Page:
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"manhunt" and he joins me with cnn contributor and former cia officer bob baer. peter, you have seen the movie. i have, as well. you were an unpaid adviser. what did the filmmakers get wrong in terms of -- i mean, it was -- there was a lot of reporting, the screenwriter did to kind of suss out the facts but in terms of the torture sequence, were they right that waterboarding led to the information that led to bin laden? >> not according to the senate intelligence committee. the film is a great film and it covers a lot of themes about the war on terror and the decade-long struggle against al qaeda. and i mean, as a sort of overall picture, there's a lot of things that are good about the film. but the fact that is senate intelligence committee which has spent three years investigating the claim that coercive interrogation techniques led to bin laden amongst other claims found that there was no, basically no truth to that. they haven't released their official report yet, but the heads of the committee have
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publicly stated this several months ago. >> in the film, the first 20 or 30 minutes, probably 20 minutes, is a rather extended interrogation sequence and some of the techniques are -- would be classified as torture, i guess. it's an arguable point, but waterboarding used to be classified as torture when the khmer rouge did it. you took issue with how the interrogations were portrayed in an early version. >> we saw an early cut similar to what you saw, anderson, and i said that i think the scenes are overwrought an the screenwriter told me that they, in fact, turned down some of the scenes. certainly, people were abused in cia custody who were members of al qaeda, but they weren't beaten to a pulp as was in an earlier cut. so, you know, with the filmmakers i think have behaved in a very responsible way in the sense they have taken outside advice an they obviously did a lot of reporting and it's after all a movie. but that said, i think half an hour of the film is very, very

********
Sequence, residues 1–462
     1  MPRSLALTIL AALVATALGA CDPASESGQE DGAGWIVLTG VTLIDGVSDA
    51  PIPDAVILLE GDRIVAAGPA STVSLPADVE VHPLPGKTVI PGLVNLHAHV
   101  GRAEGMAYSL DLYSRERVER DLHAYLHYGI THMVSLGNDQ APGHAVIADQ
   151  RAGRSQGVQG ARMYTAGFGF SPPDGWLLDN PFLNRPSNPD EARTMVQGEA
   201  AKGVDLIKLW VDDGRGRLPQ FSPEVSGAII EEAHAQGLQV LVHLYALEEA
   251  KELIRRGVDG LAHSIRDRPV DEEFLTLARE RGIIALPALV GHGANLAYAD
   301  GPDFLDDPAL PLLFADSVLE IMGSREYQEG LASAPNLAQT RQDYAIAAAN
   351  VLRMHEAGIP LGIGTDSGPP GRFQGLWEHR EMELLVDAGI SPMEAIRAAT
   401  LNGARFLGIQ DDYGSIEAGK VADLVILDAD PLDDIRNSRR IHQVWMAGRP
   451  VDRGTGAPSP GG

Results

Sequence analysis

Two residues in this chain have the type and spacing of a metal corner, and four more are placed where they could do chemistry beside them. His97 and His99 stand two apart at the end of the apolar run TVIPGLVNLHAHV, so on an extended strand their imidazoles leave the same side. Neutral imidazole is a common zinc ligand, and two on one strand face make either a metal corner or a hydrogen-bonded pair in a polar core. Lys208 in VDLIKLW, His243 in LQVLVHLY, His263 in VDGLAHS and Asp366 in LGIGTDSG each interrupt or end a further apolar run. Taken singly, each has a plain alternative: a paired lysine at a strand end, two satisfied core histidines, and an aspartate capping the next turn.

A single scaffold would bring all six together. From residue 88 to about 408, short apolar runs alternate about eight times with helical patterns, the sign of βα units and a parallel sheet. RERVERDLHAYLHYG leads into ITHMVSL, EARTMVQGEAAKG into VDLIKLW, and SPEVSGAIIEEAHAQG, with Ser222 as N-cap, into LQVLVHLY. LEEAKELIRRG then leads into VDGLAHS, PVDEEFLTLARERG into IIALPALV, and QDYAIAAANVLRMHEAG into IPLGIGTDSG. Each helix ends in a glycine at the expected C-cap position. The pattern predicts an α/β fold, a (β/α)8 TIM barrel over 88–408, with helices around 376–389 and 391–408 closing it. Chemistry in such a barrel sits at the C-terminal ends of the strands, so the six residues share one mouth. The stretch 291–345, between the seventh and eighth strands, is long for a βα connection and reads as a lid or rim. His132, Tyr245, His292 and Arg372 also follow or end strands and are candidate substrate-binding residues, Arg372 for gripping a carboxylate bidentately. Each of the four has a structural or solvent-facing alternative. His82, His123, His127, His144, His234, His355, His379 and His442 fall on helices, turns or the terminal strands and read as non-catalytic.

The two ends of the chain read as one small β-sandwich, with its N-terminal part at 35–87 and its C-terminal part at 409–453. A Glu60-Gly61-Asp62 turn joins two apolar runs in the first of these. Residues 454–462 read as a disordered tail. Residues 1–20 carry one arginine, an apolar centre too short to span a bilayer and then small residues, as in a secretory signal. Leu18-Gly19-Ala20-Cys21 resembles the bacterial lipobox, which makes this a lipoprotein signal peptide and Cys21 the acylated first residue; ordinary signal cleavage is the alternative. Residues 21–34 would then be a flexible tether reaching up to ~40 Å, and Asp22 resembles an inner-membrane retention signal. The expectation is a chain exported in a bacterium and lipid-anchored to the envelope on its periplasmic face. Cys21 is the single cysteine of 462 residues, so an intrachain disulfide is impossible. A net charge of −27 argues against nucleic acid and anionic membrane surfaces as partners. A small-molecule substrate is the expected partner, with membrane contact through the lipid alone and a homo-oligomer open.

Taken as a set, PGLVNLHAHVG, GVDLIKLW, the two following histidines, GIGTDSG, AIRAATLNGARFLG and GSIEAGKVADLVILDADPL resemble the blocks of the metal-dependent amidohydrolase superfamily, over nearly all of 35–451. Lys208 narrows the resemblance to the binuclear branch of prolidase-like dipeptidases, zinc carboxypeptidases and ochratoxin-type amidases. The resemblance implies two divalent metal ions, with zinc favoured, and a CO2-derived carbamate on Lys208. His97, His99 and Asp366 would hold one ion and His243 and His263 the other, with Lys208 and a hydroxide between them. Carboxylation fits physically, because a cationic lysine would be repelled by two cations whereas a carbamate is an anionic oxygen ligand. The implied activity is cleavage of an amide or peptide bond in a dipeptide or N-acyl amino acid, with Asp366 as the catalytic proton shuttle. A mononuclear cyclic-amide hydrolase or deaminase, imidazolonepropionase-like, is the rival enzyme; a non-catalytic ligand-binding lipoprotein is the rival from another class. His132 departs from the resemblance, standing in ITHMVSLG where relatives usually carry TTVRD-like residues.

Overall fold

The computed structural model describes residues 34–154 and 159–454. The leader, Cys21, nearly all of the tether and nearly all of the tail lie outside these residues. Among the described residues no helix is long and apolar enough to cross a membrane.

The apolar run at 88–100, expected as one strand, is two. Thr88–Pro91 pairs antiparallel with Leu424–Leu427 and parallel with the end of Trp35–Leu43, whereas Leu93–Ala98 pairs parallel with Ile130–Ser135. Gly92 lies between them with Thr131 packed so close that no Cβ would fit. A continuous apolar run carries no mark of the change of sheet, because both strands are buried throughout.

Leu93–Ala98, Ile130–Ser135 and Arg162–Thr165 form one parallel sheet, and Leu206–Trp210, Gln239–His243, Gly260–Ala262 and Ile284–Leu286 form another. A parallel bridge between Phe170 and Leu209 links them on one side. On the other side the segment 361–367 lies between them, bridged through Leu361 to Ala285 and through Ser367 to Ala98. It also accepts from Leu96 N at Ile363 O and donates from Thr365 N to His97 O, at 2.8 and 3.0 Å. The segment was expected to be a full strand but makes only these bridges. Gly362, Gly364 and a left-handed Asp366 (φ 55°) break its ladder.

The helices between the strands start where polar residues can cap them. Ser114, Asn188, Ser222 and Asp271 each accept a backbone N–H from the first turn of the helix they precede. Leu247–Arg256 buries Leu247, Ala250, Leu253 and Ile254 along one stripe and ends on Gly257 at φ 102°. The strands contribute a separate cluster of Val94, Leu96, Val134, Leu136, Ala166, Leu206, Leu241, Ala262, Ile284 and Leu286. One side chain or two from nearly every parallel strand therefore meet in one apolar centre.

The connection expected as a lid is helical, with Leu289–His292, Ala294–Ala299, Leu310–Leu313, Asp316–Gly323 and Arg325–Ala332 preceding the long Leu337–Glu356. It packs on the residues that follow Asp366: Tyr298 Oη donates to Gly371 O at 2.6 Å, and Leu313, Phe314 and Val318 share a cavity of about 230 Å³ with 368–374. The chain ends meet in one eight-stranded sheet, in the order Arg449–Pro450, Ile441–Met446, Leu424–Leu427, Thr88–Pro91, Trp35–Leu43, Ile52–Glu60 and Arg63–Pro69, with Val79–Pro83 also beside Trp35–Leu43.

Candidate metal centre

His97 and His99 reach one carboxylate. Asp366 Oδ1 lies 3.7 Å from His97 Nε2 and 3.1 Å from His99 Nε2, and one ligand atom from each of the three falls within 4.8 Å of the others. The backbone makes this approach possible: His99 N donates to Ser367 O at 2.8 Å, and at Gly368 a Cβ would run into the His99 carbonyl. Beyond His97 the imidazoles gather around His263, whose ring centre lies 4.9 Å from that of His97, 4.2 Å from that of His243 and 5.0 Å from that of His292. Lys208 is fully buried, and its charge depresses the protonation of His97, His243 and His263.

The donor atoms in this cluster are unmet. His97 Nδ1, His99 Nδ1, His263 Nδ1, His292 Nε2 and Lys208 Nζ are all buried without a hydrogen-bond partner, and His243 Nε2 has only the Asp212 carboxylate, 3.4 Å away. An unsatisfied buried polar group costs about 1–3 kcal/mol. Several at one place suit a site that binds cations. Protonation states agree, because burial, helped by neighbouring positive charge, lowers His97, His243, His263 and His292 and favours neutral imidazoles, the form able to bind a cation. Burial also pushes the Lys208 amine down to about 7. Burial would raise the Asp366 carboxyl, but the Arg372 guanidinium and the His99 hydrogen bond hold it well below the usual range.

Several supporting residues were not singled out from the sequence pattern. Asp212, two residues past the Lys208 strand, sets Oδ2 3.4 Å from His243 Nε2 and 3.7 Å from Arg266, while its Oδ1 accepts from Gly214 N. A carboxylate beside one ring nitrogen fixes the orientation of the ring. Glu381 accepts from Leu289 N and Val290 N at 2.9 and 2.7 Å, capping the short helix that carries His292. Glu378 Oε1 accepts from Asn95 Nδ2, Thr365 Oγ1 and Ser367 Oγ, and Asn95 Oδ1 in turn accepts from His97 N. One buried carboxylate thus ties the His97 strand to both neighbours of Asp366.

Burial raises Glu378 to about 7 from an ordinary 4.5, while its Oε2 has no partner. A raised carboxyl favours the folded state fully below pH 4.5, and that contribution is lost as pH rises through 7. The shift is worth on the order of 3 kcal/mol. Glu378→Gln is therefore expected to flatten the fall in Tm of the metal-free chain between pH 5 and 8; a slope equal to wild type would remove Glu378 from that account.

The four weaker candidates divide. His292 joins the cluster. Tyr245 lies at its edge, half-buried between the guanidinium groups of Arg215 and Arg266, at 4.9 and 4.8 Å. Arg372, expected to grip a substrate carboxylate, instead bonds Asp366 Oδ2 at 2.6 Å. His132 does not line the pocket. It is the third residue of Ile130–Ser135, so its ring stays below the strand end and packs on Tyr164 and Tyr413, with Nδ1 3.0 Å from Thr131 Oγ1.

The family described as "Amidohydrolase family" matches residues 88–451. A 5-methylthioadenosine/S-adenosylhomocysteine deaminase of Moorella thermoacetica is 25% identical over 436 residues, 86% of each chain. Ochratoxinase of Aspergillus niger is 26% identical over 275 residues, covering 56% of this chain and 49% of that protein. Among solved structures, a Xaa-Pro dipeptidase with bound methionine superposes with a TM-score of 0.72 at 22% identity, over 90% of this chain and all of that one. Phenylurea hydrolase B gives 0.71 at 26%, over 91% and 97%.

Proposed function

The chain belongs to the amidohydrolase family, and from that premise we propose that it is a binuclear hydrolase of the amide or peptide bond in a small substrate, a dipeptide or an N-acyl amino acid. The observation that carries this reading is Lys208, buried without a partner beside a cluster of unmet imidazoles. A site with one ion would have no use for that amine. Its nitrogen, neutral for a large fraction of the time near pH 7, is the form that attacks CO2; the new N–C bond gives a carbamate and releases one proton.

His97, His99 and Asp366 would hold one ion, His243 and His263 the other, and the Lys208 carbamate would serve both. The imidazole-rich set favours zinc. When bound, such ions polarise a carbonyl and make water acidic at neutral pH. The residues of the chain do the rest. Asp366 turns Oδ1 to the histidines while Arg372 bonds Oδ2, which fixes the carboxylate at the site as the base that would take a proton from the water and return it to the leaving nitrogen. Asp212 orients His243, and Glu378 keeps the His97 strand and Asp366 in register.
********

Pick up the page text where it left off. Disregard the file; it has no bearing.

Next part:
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visceral and viewers are going to walk away with the feeling, i think wrongly, that torture somehow netted bin laden. i think that's the bottom line they'll come away from in the film. >> bob, do you see danger in hollywood defining this part of the story? >> absolutely. this is the version we're going to be living with for the next however many years, that torture found us bin laden, and it's just not true as peter said. i can't emphasize this enough. he was found with traditional sources, traditional espionage. the way things -- it was detective work and it had nothing to do with torture. i have seen no credible version of that someone was broken, gave up bin laden's location, and the problem is the next time we go into a war, people are going to have this movie on their minds. as good as the movie is, you know, as graphic as it is, and the rest of it, it's simply not